Australasian Conference on Information Systems
Smit, Zoet, and Slot
Compliance principles for decision management solutions
The fourth principle stresses the importance of being able to trace how decisions were taken. To be able to do so, the activity’s input, applied business rules, and output must be stored. The rationale behind this principle is the ability to check how a specific decision was taken. Take for example a situation where student benefits are wrongfully rejected based on the data and documents delivered by the student. A law in the Netherlands states that students have the possibility to appeal against the decision of a governmental agency. If they choose to file for appeal the governmental agency responsible for providing student benefits needs to evaluate if an error was made and in the case an error was made, correct the error.
Principle 5: Communication with the same standards wherever possible, communication with different standards where desirable
The fifth principle focuses on the utilization of communication standards (BR-related languages). Communication between stakeholders which are involved in the business rules management processes must be aligned. Where possible, the same terms, in different situations should have the exact same definitions. This can be supported by means of a centralized list with definitions that can be utilized by different stakeholders. Where desirable, the same terms have different definitions in different situations. For this, a translation has to be made for each ‘different’ translation of the definition and added to the definition list.
For example, the Dutch Tax and Customs Administration forces all employees and partners to work with standard communication protocols. As the size of the organization expands, communication regarding business rules and decisions will get more complex. As standards are applied as much as possible, common languages will be adopted, potentially lowering communication issues and improving collaboration between stakeholders regarding business rules and decisions. However, the principle states that for some (critical) instances organizations should be able to utilize different standards (other than the acceptable ones). It goes without saying that this should be avoided as much as possible.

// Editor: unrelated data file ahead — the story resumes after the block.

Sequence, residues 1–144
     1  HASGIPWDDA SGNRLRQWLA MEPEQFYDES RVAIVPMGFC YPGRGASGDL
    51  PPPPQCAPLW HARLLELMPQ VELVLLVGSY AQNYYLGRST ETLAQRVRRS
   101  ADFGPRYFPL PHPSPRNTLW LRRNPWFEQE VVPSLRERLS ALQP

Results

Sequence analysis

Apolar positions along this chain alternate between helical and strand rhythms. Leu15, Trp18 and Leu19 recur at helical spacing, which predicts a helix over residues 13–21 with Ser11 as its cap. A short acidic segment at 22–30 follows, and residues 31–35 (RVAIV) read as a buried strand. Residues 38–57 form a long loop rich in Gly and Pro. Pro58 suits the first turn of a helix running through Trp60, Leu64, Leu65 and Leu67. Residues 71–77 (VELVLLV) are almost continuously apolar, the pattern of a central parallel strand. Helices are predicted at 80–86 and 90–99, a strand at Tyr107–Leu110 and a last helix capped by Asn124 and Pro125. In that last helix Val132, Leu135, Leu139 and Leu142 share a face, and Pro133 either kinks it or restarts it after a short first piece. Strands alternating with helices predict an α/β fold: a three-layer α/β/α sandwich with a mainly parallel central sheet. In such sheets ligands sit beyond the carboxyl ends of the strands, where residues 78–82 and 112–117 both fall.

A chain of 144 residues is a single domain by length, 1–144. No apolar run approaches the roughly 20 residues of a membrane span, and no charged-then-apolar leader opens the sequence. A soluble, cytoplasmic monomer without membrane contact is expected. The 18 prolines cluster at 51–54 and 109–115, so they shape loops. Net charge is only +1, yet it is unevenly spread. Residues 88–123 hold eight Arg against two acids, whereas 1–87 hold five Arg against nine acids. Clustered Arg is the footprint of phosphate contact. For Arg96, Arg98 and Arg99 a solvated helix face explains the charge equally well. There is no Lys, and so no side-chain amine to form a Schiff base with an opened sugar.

Principle 6: Decisions, business rules, and data are recorded according to two time dimensions
The sixth principle dictates that decisions, business rules, and data are recorded according to two time dimensions, which is described in detail in our example in table 1.
Principle 7: All business rules refer to a source
Decisions and underlying business rules are based on one or more sources. By referring the actual business rules to a source, organizations can more easy argue why a specific decision has been made. In addition, it also makes impact analysis of changing laws easier. Take for example laws and regulations regarding taxation of income. In the Netherlands alone, this particular law affects over nine million Dutch citizens. When business rules are utilized in (automated or partly automated) decision services, its design should be based upon sources in all relevant and valid legal documentation. This is important so that none of the business rules utilized in the decision services can be questioned regarding legality by the people affected by the decisions it takes.
Principle 8: Gaming only allowed by gamers
The eight principle prescribes that, where necessary, ’playing’ with business rules should be limited.
When Organizations are unable to do so clients possibly start to experiment in order to achieve the optimal results for them. An argument that some participants made is that employees should be allowed to game. The argument they list for this is that sometimes, when applying law reasonableness and fairness, is more important than applying the law by the actual letter.
For example, when clients are able to experiment while applying for disability allowances, decisions regarding the eligibility, duration, and the height of the allowances could be changed (‘played’) to realize more positive outcomes. As stated in the previous paragraph an employee must be allowed to do so.
Principle 9: Transparency concerning decision making for clients and users
The ninth principle stresses that governmental agencies design its services in a client-oriented manner. It is important that clients recognize the services provided and understand the decision-making progress (minimally high-level).
Take for example the process of a request for unemployment benefits. Usually, this process is complex and can run for multiple weeks or months depending on the difficulty of the given situation. A request for unemployment benefits is processed in multiple process activities by multiple departments, employing multiple specialists. To reduce concerns or impatience of clients and users that submitted the request, a portal is available where the progression of the request is shown.